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The ramifications of 2020’s driver market merry-go-round now play out in front of our eyes. They suggest Formula 1 is tougher than ever – even for drivers with phenomenal reputations, now under threat like never before.

To hear competitors as renowned as Fernando Alonso and Daniel Ricciardo – both Monaco Grand Prix winners – say they feel they are extracting the maximum from their new cars, only to glance at the timing screens and see they are half a second or so off their respective young team-mates – who are both yet to win a race never mind a world title – is quite astonishing.

Alonso was ahead of Ocon throughout Monaco practice, until Ocon got Pirelli’s tyres into a better temperature range during qualifying. But even if Monaco exaggerated things, Ocon still out-qualified Alonso four races on the bounce since Bahrain, while Ricciardo struggles to adapt to what Andreas Seidl calls McLaren’s “special driving style”.

All F1 drivers are malleable to a certain extent, but some are still limited by particular car characteristics or handling traits. It’s why Ricciardo only really came alive last year after Renault made a set-up breakthrough at Silverstone, or why Sebastian Vettel looked so second rate against Charles Leclerc in 2020’s skittish Ferrari. They prefer the car to come to them rather than chase its tail, but that process takes time – and sometimes cannot be done to their ultimate satisfaction.

Alonso is arguably among the most extremely adaptable of drivers. McLaren insiders spoke of braking systems worth tenths of a second in lap time that Alonso could utilise, but that highly rated Stoffel Vandoorne couldn’t, yet now Alonso appears to be suffering for spending two seasons out of the game. F1 never stops. It’s why Lewis Hamilton refuses to take a sabbatical, and why it’s taken so long for Esteban Ocon to show us what he’s really made of after his enforced absence in 2019.

As Alonso, Ricciardo and Vettel (Monaco aside) struggle, Ferrari’s Carlos Sainz bucks the trend – showing the benefit of his driving for a fourth different team in seven seasons. He’s had exposure to an unusually wide band of F1 cars in a short time, affording him expanded range and demanding adaptability from him. His early performances against Leclerc also suggest he’s rather better than he first appeared when cast in Max Verstappen’s long shadow.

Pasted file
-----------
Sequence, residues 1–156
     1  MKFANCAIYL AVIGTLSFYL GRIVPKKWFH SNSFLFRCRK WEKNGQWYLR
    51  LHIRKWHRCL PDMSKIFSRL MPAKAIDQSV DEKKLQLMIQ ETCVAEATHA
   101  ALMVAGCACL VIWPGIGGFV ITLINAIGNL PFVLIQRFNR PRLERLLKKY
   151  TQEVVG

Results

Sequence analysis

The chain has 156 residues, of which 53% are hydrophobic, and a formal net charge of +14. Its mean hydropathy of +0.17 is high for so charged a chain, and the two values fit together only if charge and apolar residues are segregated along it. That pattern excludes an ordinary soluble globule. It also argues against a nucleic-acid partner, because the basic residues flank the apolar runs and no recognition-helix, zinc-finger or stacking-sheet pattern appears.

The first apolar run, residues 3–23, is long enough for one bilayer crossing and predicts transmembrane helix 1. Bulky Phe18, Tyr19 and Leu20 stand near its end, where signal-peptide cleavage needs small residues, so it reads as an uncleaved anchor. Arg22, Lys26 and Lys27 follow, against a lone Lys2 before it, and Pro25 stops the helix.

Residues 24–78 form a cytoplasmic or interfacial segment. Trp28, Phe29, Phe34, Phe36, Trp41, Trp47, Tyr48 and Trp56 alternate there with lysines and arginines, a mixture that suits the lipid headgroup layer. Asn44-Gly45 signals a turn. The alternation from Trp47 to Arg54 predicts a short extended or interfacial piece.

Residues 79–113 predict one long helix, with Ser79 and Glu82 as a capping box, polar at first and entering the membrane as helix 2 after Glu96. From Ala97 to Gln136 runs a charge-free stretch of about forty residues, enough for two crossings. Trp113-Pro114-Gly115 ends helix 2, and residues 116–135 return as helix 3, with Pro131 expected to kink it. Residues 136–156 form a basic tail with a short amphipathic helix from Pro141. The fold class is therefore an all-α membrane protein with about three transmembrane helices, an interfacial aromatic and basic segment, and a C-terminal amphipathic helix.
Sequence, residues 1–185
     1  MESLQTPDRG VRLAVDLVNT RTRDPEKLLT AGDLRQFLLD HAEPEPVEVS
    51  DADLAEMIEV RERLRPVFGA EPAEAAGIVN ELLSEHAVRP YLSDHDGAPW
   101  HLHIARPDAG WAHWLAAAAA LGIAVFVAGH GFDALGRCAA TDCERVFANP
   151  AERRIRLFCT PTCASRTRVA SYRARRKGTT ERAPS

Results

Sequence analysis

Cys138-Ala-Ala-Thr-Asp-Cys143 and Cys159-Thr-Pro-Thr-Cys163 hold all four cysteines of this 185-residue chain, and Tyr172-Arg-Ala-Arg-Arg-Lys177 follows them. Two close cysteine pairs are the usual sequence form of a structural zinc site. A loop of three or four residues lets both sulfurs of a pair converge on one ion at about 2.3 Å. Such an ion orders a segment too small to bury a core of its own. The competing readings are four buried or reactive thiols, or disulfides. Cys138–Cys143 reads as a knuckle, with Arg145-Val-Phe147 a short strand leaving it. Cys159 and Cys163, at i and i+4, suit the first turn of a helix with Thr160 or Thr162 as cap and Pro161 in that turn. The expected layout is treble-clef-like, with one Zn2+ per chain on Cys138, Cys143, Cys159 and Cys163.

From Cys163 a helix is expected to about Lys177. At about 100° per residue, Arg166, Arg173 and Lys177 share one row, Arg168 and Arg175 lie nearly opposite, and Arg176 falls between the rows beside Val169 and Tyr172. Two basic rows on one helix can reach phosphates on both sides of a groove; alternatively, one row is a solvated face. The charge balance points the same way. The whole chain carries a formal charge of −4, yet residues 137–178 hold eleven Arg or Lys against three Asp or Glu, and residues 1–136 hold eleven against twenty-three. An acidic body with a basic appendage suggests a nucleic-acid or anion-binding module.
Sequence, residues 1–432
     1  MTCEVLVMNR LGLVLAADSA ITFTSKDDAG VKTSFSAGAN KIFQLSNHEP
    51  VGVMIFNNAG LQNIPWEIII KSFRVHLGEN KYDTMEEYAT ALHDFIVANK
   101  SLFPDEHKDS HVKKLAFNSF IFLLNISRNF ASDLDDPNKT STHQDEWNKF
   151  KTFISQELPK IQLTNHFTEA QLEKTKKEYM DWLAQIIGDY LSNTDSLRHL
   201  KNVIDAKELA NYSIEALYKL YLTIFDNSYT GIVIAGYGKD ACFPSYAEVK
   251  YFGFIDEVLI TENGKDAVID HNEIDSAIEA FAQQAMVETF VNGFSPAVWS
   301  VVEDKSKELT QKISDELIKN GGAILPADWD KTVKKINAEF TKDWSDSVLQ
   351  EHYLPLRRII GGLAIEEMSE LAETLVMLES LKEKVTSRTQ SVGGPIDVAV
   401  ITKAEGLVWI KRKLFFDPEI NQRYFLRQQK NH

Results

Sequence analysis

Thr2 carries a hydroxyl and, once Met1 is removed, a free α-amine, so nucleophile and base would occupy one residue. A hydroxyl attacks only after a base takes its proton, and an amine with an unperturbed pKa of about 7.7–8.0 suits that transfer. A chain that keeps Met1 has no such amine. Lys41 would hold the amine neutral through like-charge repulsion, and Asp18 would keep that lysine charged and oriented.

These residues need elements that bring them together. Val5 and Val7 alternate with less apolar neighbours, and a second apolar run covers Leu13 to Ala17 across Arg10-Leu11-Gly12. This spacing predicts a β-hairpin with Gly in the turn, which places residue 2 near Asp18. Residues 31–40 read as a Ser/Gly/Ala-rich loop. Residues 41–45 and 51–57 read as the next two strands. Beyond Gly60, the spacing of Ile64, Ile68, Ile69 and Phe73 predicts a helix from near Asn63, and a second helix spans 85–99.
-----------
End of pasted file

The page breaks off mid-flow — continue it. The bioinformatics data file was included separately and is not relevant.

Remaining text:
And what of Sergio Pérez, this month’s cover star and the other driver in this mix battling to show the best of himself in a new environment? Red Bull represents the opportunity of a lifetime, but adjusting to a car built around the best driver to arrive in F1 since the hybrid era began is proving difficult. Pérez’s reputation is on the line, and he’s got a mountain to climb to avoid getting buried. It’s perhaps a lesson to all with high aspirations: life can be tough at the top.

Ben Anderson
Editor

Inside the issue

This month's features include

Sergio Pérez
Can the Mexican succeed and finally make the second Red Bull car a force to be reckoned with?

Esteban Gutiérrez
How the former Sauber and Haas driver is planning on making his mark in the world of business

Max Mosley
A look back at the life of motorsport’s ultimate politician

Pain of the game
How are F1’s biggest teams coping with smaller budgets?

The history of Lotus
A truly special player: part 3 of our series on Team Lotus

Now That Was A Car
F1’s first carbonfibre car, the pioneering McLaren MP4/1

Formula 1’s rich club
Just who are the richest people in F1 and what are they worth?

Motorsport Showcase
The spotlight shines on F1’s meandering American journey

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